Getting To Know You: Dr Anino Emuwa, founder, Avandis Consulting


Dr Anino Emuwa, international management consultant with over twenty-five years’ professional experience in Europe and Africa and former corporate banker with Citibank tells us what prompted her to start Avandis Consulting.

What do you currently?

I am an international management consultant and founder Avandis Consulting in France which provides strategy and financial advisory services to entrepreneurs and business leaders.  I convene global and regional communities of women in business leadership and I am an international public speaker on entrepreneurship, fintech and diversity.

I also mentor and coach female entrepreneurs for Cartier Women’s Initiative’s and University of Cambridge Judge Business school’s EnterpriseWomen programme and sit on the boards of several companies.

What was the inspiration behind your business?

I started out my career in corporate banking and booking loans for large corporates. However, I found that smaller businesses found it difficult to access bank loans and this constrained their growth.  After taking courses on entrepreneurship during my MBA, I became an independent consultant to SMEs, running management seminars and advising them how to manage their finances and structure loans requests.

I found this financing gap for smaller businesses in several countries in Africa where I had lived with my family, and decided to undertake my doctoral research on entrepreneurial financing to shed light on the specificities of the issues and find specific solutions to this problem.

My work with entrepreneurs and founders also evolved into working with corporate leaders on strategy. From there we started to build communities of female entrepreneurs and CEO’s working to promote gender balance in leadership

Who do you admire?

Many women! Particularly for their work with women and girls and working in development and philanthropy:  Michelle Obama, Melinda Gates, Winnie Bwanyima Head of UNAIDS, Phumzile Mlambo-Nguka, Head of UN Women Graca Michel. Entrepreneurs like Sara Blakely who are not only highly successful but who are providing grants to women entrepreneurs during the COVID-19 crisis I admire as well as Kathleen Griffith, founder and CEO of Grayce and Go, and her “Build in Like A Woman” to support women entrepreneurs and Shelly Zalis, founder of The Female Quotient.

In the corporate world, Christine Lagarde former head of IMF and now head of the ECB who has worked to bringing women to the table, Gini Rometty former IBM CEO one of the few top women leaders in technology.

From my country of birth, Nigeria, many women including Chief Mrs Akande, a two time minister and also successful business woman who at the age of 70 is still very active, and Betty Irabor an icon media and publishing, founder of Genevieve Magazine- a pioneering lifestyle  magazine for women-  and  a champion for mental health.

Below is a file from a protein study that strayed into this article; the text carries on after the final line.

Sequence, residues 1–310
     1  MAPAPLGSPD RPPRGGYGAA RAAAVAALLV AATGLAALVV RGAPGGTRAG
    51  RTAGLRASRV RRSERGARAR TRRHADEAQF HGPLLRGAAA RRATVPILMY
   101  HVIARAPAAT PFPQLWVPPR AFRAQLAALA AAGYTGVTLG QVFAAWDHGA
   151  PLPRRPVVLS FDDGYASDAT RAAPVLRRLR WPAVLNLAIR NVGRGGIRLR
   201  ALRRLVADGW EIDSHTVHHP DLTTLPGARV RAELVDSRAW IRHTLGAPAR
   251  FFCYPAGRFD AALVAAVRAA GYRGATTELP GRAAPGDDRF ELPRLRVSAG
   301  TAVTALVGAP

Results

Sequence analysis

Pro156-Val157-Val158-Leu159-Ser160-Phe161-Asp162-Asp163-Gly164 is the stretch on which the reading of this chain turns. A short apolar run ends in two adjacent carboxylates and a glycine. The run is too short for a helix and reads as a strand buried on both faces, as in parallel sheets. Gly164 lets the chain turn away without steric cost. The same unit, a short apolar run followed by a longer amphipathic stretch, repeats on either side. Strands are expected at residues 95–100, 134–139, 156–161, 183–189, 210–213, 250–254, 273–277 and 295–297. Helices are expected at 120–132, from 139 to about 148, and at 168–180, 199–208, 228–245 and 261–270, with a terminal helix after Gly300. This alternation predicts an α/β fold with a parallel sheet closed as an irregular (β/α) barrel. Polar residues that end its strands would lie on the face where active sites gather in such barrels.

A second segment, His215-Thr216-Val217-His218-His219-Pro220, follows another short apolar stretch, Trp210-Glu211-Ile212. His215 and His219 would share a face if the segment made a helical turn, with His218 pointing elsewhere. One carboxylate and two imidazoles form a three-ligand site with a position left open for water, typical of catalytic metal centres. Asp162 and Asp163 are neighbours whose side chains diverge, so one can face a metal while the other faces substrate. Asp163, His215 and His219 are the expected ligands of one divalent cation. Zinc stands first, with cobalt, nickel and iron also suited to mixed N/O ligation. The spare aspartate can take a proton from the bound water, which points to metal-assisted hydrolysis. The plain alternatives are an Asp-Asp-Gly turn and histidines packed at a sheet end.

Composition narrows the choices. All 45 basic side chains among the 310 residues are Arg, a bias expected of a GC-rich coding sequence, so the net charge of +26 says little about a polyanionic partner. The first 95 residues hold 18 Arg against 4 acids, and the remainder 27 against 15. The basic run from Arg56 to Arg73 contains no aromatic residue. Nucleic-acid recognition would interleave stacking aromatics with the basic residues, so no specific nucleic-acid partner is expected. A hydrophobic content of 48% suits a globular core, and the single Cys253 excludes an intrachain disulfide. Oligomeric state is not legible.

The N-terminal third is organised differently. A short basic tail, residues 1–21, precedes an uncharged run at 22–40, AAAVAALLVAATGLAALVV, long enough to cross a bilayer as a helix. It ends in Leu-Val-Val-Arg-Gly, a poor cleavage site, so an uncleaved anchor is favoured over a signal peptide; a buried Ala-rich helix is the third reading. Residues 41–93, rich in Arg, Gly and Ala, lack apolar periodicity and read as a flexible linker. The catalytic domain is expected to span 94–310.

But most of all my mother, a lawyer, who was called to the bar at Middle Temple in the UK  over 60 years ago – there were very few women at the time -,  and she was the first female lawyer from the Mid-western region in Nigeria where she was from. In addition to her work as a corporate lawyer and partner at a law firm, she promoted legal rights for young women and girls, and was the first woman from Nigeria to be a director of two publicly listed companies. She was also the first Nigerian woman from the country to be elected a fellow of the Institute of Directors in London over 30 years ago.

Looking Back is there anything you would have done differently?

I think when I was in the corporate world and especially as a manager, I would have encouraged the building of professional networks of women to support them in their careers.

What defines your way of doing business?

I think offering high quality service to our clients that helps them to transform their businesses and to is the simplest way to define how I do business.

What advice would you give to someone starting out?

There is enormous uncertainty about how the world will emerge as a result of the pandemic.  Our ways of working will change and values are also changing. We are in the midst of the Fourth Industrial Revolution where technology is transforming our lives.

This structural change means that we have to be adaptable, flexible, and acquire and upgrade our skills through our working life. Whilst many sectors are shedding jobs at this time, digital transformation is accelerating and the underlying trend of innovation will continue with short supply in many areas of technology.

As AI and automation take over routine tasks, it means developing competencies to work in a technologically enable world  –with digital skills as a minimum – but also  the qualities that make us uniquely human will be more in demand such as  creativity, empathy,  and Emotional Intelligence will be highly desirable. Depending on industry, people will have to prepare to some level of working from home for some time to come.